A coaching style shifts DEI

14th March by Mark Powell

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Tackling diversity, equity and inclusion (DEI) head on has some merits and also has drawbacks as it can generate unintended systemic reactions. A jolt to any system will generate a reaction, and we can’t always be sure if it will be aligned with the intentions.

We do believe that raising the bar on education and dialogues around DEI is critically important, However, so is the change in leadership style that will nurture and support a new inclusive organisation.

There is a way of tackling DEI that works through a focus on shifting the style and sensemaking of leadership to tackle a whole range of new complexities, including but not limited to DEI.

It is both less challenging and with a much larger potential payoff for all concerned. The current challenge of leadership is highlighted by complex issues such as DEI and so we suggest that the focus should be on a developing new approaches to leadership that will better align with this complexity. This indirect approach to DEI may just be what is required.

Many organisations are now waking up to the power of coaching as a leadership style, not just as a development tool. Inherent in the coaching style of leadership is connection, adaptiveness, resilience, flexibility, innovation, wellbeing and an ability to embrace broader systemic perspectives. And some of the core skills of leaders who coach, are ideally suited to embracing DEI without even needing to make it a headline.

And the good news is that these core skills, as the foundation to a coaching style of leadership, are trainable. And they will enable leaders to tackle complexity and change including, but beyond the DEI challenges.

However before we discuss these, let’s look at what we know from 20 years of neuroscience, as this forms the science behind the case for change.

We are unconscious and emotive decision makers

Our fast brain is our middle brain including the Limbic system which connects emotionality to our experiences. We are constantly experiencing and feeling without conscious awareness. We are at forming an impression of the world that is unconscious and emotive.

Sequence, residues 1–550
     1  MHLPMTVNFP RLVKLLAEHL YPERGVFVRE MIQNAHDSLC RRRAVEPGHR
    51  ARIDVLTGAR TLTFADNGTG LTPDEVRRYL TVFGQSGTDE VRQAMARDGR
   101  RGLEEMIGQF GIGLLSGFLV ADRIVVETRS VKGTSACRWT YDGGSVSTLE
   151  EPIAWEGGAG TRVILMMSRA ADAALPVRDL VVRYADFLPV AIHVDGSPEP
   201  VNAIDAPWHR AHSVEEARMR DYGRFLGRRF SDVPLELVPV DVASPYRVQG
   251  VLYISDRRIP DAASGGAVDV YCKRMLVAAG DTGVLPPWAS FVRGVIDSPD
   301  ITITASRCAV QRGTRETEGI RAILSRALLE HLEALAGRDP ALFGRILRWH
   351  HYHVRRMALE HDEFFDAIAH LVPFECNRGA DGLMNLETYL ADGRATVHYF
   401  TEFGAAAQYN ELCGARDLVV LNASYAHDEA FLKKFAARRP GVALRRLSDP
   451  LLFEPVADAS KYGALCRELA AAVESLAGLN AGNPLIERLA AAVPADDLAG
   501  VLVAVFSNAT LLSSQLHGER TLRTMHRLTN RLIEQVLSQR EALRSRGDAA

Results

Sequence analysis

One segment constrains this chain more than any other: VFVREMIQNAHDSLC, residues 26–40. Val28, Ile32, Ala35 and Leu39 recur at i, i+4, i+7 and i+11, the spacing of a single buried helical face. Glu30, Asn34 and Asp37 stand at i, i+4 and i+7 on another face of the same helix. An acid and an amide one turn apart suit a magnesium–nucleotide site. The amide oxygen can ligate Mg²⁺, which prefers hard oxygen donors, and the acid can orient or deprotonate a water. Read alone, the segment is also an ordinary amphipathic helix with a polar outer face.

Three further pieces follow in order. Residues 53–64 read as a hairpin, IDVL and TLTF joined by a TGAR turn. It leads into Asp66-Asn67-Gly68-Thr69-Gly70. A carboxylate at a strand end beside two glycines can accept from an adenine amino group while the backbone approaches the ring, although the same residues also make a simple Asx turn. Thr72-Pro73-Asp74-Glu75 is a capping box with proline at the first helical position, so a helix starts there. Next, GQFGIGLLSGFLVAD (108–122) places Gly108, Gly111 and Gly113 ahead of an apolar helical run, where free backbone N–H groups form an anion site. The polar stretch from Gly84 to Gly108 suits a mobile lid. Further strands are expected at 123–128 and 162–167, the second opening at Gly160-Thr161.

Then our slow brain, or the cognitive executive functions of our brain, makes stories out of our unconscious processing. We develop “the story” that we tell ourselves and we use this story and others like it, to make sense of the world both in reflection and in prediction.

This helps explain the idea of unconscious bias. We can’t help but be unconsciously biased as our brains are wired for it.

The struggle for DEI practitioners has been how to tackle these neuroscience discoveries.

Tackling unconscious bias “head on” has largely been ineffective. Partially because it is asking us to do the opposite to what comes naturally, and partially because it has little perceived benefit or relevance to the rest of our work.

Making sense vs connecting

It is probably not a surprise to know that the part of the brain that makes sense of things, and the part that is heightened when we mirror accurately another, are different regions and are not in sync. When we “park” our judgements and listen with a genuine intention to mirror and experience another, our brain will be consumed with the other’s story. Brain scans tell us that if we really listen in to someone, to their story, then the parts of our brain that fire up, are mirrors of what is going on in the other person’s brain. The mirror neurons are a remarkable human phenomenon.